Teachers claim that changes to the music GCSE syllabus, including an option on Britpop, have been introduced without their knowledge.
The new, restructured syllabus, set by the Edexcel exam board, will come into effect from September this year. But music teachers, unaware of the changes, have already provided out-of-date course information for Year 9 pupils choosing their GCSE subjects.
Colin Ashworth, head of music at Sir Christopher Hatton comprehensive, in Northamptonshire, found out about the changes when he received a list of forthcoming textbooks from academic publishers Heinemann.
From July, a new copy of their GCSE music book will be available, catering for the 20,000 music candidates who take Edexcel's exam.
Mr Ashworth said: "Our Year 9 pupils will be opting to take music GCSE in a few weeks' time, and they don't know what's in the course. We don't really know what's going on ourselves any more. It's a minefield."
Edexcel claims that it has consulted teachers about the restructured course, and plans to release full details in April.
A spokeswoman said: "Heinemann were a little premature. We want to make sure everything is approved before releasing any information for teachers.
People are aware of the restructuring.
"We consulted teachers and asked them what kind of lead-in time they would need. It should not come as a shock."
But teachers say that they were unaware of the changes. Bruce Field, a music teacher from Stoke-on-Trent, in Staffordshire, said: "If they're going to change the syllabus, it would be nice to know before the publishers. We need to start reading schemes of work."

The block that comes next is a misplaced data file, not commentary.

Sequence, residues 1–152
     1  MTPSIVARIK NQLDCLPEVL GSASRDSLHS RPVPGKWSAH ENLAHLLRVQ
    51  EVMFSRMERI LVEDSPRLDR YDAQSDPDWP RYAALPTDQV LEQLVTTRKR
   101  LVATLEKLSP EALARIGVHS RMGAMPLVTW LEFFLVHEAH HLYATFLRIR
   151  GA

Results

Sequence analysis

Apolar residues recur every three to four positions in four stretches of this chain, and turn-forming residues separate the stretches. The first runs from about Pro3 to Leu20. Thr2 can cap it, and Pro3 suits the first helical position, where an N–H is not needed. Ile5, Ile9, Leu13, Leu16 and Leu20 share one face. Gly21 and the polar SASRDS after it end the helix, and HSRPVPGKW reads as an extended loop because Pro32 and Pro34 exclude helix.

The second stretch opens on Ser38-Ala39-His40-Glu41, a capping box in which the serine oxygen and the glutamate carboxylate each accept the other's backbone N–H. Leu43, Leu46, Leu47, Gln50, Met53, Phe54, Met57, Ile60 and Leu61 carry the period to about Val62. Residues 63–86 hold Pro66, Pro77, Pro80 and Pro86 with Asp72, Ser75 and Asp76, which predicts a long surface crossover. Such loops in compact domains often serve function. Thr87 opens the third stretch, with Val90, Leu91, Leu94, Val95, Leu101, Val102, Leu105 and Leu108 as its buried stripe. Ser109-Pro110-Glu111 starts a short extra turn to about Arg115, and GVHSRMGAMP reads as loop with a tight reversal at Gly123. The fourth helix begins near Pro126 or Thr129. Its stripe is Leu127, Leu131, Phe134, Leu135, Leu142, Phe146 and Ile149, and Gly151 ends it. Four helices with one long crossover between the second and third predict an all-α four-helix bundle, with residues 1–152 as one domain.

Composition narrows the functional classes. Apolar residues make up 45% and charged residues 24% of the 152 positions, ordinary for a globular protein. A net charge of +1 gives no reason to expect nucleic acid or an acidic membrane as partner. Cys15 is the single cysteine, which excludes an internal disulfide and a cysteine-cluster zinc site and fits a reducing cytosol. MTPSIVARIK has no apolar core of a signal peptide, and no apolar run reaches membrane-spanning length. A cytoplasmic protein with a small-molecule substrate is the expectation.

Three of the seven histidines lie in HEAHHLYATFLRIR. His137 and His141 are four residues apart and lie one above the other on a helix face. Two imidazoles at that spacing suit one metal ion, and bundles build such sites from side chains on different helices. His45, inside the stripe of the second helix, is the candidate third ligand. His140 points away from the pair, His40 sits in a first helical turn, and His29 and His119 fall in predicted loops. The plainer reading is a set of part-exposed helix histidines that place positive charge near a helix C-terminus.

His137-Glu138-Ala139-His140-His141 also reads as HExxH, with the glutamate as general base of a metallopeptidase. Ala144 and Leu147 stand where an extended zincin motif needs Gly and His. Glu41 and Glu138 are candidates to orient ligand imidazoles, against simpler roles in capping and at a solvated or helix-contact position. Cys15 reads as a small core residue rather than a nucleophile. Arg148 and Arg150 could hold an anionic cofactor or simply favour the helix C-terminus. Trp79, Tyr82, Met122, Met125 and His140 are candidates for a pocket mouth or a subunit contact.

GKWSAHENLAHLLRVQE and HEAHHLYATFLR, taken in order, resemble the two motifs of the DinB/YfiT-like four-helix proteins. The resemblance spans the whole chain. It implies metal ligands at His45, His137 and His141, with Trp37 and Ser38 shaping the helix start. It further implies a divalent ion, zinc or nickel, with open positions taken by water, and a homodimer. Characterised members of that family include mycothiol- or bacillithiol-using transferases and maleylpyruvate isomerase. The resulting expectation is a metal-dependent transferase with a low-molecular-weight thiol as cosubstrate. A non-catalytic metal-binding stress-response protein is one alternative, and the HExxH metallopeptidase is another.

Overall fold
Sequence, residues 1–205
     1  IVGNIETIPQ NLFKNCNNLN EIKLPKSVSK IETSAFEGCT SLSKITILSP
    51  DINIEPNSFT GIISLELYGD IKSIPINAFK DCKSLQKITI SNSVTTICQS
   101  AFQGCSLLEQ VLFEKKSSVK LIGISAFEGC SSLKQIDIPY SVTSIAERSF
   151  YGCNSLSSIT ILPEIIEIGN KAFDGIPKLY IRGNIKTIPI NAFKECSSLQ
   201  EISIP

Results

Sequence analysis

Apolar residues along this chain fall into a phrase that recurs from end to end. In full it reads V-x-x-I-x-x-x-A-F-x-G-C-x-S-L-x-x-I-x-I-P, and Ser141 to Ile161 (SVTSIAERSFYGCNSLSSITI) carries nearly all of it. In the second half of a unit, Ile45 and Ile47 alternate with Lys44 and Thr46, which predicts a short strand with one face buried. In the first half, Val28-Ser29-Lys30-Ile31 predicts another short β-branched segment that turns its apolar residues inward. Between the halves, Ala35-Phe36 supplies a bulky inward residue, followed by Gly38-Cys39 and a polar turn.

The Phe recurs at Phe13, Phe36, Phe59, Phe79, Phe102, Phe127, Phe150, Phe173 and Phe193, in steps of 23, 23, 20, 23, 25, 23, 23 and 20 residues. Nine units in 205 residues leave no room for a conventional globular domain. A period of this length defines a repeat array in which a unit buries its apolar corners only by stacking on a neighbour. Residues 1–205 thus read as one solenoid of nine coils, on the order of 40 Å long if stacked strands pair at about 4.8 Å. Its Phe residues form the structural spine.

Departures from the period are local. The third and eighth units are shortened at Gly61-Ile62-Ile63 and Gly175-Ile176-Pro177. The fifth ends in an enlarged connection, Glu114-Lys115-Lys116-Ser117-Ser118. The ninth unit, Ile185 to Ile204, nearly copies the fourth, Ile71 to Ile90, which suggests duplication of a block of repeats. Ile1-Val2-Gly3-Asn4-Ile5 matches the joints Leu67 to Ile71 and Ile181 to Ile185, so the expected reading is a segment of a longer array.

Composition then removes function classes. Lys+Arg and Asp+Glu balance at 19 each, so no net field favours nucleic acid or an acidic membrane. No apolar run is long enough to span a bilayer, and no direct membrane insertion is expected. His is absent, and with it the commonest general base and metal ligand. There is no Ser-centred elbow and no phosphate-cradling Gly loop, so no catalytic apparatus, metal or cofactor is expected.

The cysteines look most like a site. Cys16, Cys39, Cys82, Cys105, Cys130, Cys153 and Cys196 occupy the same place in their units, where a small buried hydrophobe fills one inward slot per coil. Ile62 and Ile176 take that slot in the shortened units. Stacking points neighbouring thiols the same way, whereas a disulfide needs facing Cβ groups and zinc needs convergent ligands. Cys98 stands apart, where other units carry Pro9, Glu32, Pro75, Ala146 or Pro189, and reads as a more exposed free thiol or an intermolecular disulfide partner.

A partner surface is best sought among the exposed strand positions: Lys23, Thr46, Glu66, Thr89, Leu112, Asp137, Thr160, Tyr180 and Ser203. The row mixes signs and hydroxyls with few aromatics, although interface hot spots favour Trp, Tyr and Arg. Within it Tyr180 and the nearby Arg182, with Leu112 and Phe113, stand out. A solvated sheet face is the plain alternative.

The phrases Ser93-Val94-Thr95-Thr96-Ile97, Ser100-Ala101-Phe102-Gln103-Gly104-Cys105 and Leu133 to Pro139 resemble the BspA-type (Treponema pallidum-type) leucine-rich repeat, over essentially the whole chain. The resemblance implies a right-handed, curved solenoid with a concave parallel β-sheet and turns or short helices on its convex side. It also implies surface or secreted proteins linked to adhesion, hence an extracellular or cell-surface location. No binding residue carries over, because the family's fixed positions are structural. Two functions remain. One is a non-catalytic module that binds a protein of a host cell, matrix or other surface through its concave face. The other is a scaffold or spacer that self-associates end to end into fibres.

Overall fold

Pupils currently study four subject areas for Edexcel's GCSE, each consisting of four topics, and are then examined on three of these.
The changed syllabus will be streamlined so that each subject area contains only three topics. New topics, such as Britpop, have been introduced. And pupils will no longer be required to perform their own compositions.
Mr Field said: "Our resources are for the current syllabus, so we are going to have to buy new textbooks, practice papers and CDs. But you can't do that until you know what you're doing. For example, people say Britpop, and you think Oasis and Blur. But it could be anything, including Radiohead and Coldplay."
Derek Kitt, chair of the National Association of Music Educators, believes that a lack of up-to-date exam information can also affect pupils' attitudes towards teachers. "If a teacher says you're going to do this syllabus, and then suddenly the syllabus changes, the student starts wondering whether the teacher is on the ball," he said. "Teachers' own professionalism is called into question, even if they've planned to the nth degree. It's a nonsense, really."
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